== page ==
It appears Mr. Bishop is being held on another drug charge, and the next day, there’s one big, happy, dysfunctional family around the defense table in the courtroom: Lester, Alicia, Cary, Bishop, Will, and Diane, since they are all still somehow sharing Bishop as a client. Thankfully, though, FA v. LG courtroom bickering seems to have settled down to a low simmer. These brief courtroom scenes are some of the only times we really get to see Diane in this whole episode, though, which is a damn shame. But at least we still get to witness her flawless fashion sense. That jacket!
Jeffrey Tambor is also back as Judge Kluger, which is great for us because he is hilarious, but slightly weird for Alicia because she has a lunch date with him in the near future, which could present a conflict of interest. We still don’t know exactly what this lunch date is about, though. It’s supposedly to talk about a book he’s writing, but why single out Alicia to discuss it with? Does the Kluge have a crush? Does he want a connection to the governor? Alicia considers canceling, but Cary advises her to keep it so as not to piss off the judge of the trial they’re working on. But then she ends up getting distracted and accidentally shows up way late to the weird lunch date. As she gushes her apologies, he’s like, it’s fine, it’s fine, but oh, I just got this important call, and now I’m going to leave YOU sitting here by yourself. So did she piss him off? Or is he still his seemingly amiable self, and he actually did just get a call that forced him to leave? Later in the episode, they share a confusing phone call, where he says he’s no longer writing his book. And then he says goodbye in Mandarin. Because he’s learning Mandarin. I literally have no idea what is happening in this storyline.
Anyhoo, with some shrewd maneuvering by Will and hilarious testimony by good ol’ Howard Lyman, the Florrick-Agos-LG team proves that Bishop actually wasn’t moving product on the day that the Department of Justice says that he was — or at least, that there’s no way their witness could have seen him doing so. To which the DEA rushes in and is all, “Oh, haha, funny thing! We actually meant to say the day BEFORE that day. Ha ha. Whoopsies!” At which the DOJ/DEA get a stern warning from Kluger, and Bishop and Lester figure something out. They confront Alicia about it in the creepy yet awesome Florrick-Agos freight elevator, which, might I just add, is the perfect environment for a good sex scene. Just something to keep in mind, Kings.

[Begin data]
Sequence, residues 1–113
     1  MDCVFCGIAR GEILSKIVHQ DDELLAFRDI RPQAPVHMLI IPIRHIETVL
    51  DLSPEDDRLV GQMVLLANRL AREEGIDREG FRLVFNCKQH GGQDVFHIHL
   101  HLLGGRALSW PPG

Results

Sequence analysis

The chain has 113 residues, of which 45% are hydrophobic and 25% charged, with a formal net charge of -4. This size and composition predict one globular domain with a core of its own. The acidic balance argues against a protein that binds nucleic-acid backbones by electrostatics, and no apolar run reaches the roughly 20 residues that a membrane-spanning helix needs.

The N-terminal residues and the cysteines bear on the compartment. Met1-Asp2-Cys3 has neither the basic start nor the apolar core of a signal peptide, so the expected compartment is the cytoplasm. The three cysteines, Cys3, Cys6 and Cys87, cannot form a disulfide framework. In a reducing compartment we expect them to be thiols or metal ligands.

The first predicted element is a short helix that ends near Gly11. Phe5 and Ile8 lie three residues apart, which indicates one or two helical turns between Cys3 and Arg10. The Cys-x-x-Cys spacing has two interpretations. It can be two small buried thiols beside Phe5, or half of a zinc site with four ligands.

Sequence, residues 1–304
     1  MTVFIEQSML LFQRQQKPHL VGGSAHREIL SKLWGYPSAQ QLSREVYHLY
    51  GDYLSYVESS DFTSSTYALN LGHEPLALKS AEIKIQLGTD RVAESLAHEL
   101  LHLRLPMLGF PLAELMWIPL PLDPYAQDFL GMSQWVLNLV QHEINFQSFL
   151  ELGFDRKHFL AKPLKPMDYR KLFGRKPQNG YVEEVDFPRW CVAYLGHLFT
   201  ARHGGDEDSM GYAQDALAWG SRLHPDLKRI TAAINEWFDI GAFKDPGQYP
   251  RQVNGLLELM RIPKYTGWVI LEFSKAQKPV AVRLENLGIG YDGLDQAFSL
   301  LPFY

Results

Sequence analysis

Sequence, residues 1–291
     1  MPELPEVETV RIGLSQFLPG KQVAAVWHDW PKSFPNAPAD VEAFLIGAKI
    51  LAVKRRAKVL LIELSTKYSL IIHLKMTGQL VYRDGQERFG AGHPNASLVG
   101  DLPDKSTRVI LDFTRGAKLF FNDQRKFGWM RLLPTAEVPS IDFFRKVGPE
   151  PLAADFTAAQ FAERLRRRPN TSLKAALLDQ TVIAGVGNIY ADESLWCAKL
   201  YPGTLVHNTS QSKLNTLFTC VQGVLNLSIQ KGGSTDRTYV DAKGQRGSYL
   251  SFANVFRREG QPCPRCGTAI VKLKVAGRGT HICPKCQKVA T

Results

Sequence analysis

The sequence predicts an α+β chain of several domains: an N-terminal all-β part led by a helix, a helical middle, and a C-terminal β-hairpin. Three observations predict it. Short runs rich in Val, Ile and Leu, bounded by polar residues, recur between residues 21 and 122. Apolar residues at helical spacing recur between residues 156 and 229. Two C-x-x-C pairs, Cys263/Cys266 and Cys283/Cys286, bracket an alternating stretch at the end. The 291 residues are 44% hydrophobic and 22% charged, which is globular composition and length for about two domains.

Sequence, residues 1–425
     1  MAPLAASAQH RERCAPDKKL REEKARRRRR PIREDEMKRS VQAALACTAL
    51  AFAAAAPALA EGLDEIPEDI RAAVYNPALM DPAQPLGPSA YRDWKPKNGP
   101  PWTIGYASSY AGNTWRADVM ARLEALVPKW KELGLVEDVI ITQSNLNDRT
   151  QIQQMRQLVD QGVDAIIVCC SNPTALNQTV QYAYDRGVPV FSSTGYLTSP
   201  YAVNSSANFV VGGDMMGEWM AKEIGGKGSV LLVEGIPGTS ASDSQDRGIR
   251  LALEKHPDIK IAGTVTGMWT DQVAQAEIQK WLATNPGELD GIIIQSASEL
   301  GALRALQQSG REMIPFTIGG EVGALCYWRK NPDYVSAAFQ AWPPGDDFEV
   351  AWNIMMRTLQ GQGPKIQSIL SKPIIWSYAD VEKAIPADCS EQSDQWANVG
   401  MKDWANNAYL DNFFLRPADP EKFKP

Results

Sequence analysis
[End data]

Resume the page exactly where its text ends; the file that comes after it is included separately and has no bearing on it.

But, like, not with these three.
See, Bishop actually HAD been moving goods on the original day in question. The witness couldn’t have seen him do it, as LG had shown, but he had indeed done it. Which the DOJ knows, which is why this case is happening in the first place. But the fact that the DEA/DOJ are now scrambling to switch around their stories is because they can’t bring in their REAL witness, which means their real witness must be a confidential informant. And as Lester informs Alicia in the elevator, the only people Bishop had informed of his whereabouts on that day were the employees of Florrick-Agos. The leak, therefore, must be one of them. And if it is, Lemond Bishop is going to kill you, y’all.